Category Archives: TVD Washington, DC

Congo Sanchez, seeing 20/20 on the new Dealin’ With This

Percussionist. Producer. Humanist. Congo Sanchez has many issues on the dome. He uses his musical talent as an unapologetic way to speak to the social maladies of recent times. And the facts will inevitably outweigh the opinion. Listen to his latest effort, Dealin’ With This, in its entirety. It’s a very introspective album that challenges ideas of social exclusion, isolation, and marginalization.

Dealin’ is the first full album released under Sanchez’s label Herb Records. On it he assembles a crew of talent that represents the signature diversity of the District.

Sanchez oversaw the production of Dealin’ under the spiritual influence of talents such as Beck and Pink Floyd. Further, he says he views Miles Davis as an inspiration. About Miles, “his licks on the trumpet were the same, but he surrounded himself with musicians with different styles.”

On the subject of varying styles, the album features the vocal talents of band members Flex Mathews and Haile Supreme. Sanchez maintains a solid, fraternal relationship with the two vocalists. He says of the two, “We respect our musical intuitions very much, and there is no beating around the bush.” Mathews and Supreme’s mix of respective hip-hop and ethereal vocals are the center of the album’s narrative. In the track “Stand Beside Yourself,” Supreme’s meditative voice encourages the listener to look at DC from the outside-in.

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TVD Recommends: Fellow Creatures, Baby Bry Bry, and Gully Waters at DC9, 11/22

With the demise of local band Ugly Purple Sweater, former members Will McKindley-Ward and Sam McCormally knew they wanted to start a new project together. They knew that they wanted the new band to feel like a departure from their previous work, and shortly after the final UPS show, they got to work on a new batch of songs.

Tomorrow, November 22, their experimental work in their new band, the self-described “swampy indie rock band” Fellow Creatures, will be showcased at DC9, along with supporting bands Baby Bry Bry and Gully Waters.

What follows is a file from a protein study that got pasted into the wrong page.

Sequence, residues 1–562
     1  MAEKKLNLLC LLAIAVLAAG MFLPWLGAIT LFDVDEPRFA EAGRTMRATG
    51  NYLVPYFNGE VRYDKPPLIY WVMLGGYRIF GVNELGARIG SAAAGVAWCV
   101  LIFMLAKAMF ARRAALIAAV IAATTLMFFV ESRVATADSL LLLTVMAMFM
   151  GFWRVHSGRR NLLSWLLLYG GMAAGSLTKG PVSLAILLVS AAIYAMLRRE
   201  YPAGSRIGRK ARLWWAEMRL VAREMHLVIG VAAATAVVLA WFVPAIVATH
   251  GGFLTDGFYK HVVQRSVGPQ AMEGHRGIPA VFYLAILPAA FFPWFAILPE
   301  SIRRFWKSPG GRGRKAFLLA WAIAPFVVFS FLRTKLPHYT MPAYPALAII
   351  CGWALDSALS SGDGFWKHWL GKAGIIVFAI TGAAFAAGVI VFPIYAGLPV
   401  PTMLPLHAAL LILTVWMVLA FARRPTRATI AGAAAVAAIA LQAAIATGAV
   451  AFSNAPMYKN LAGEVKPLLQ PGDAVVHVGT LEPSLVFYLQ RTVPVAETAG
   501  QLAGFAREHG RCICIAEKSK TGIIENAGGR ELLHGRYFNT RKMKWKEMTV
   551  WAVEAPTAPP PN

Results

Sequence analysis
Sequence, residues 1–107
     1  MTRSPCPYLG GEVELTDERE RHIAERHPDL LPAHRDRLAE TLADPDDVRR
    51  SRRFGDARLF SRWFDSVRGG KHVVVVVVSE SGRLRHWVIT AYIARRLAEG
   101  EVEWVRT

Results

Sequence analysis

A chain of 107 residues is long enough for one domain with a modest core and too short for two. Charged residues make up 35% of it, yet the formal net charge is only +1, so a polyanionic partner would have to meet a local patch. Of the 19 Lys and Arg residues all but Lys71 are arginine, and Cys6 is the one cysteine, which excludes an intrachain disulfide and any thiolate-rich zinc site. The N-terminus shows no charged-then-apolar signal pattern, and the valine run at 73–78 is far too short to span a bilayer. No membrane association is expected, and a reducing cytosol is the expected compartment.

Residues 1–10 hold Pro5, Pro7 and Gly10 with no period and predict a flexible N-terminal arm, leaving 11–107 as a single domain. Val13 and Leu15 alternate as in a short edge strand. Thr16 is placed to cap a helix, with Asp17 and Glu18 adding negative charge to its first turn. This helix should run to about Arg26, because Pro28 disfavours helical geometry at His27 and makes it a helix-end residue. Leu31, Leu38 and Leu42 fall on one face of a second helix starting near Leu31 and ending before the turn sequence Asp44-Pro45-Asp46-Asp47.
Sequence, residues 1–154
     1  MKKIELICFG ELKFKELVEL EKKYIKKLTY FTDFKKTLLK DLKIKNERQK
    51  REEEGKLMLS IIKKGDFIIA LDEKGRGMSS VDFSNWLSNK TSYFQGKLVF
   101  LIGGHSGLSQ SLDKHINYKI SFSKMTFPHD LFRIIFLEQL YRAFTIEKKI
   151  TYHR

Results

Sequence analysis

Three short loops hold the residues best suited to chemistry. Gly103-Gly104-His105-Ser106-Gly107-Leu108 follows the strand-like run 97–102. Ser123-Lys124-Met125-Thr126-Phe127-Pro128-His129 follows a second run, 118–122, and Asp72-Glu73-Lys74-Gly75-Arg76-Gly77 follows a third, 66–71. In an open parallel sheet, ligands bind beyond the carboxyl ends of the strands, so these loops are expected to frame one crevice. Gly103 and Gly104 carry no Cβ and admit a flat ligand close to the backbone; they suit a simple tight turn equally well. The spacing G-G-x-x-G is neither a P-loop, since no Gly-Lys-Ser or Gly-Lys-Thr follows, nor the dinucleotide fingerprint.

I had the chance to ask Sam McCormally a couple questions about the new band, the show, and Fellow Creatures’ first single, “Allies.”

How is the music you’re making with Fellow Creatures unique?

I bought a toy piano that a young mom was selling on Craigslist and stuck a pickup on it. You can hear the toy piano solo in the middle of “Shuka Shuka,” a demo that we released on Bandcamp last month. Will took pieces of Duke Ellington songs, sped them up so that they were unrecognizable, and then learned to play them on guitar.

We spent a lot of time doing vocal exercises. For a couple of months, we decided to make music that sounded like a re-imagined soundtrack to Where the Wild Things Are—but if it were set in a futuristic swamp—and while I don’t think that is actually what we sound like, it was a useful conceit for a while.

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TVD Recommends: Girls Rock! DC Benefit with Drop Electric, Cigarette, and Young Rapids at the Black Cat, 11/22

DC has a long history of collaboration between bands and community partners, enriching the city in the process. The Godfather of Go Go, Chuck Brown once said, “People are looking for a way to take action, to do something other than donate on the Turnpike on their way to work, which seems impersonal.”

Look no further than this Saturday night to take action! Three local bands, Drop Electric, Cigarette, and Young Rapids take on the Black Cat mainstage to raise money for Girls Rock! DC—an organization that exists to inspire and cultivate through music.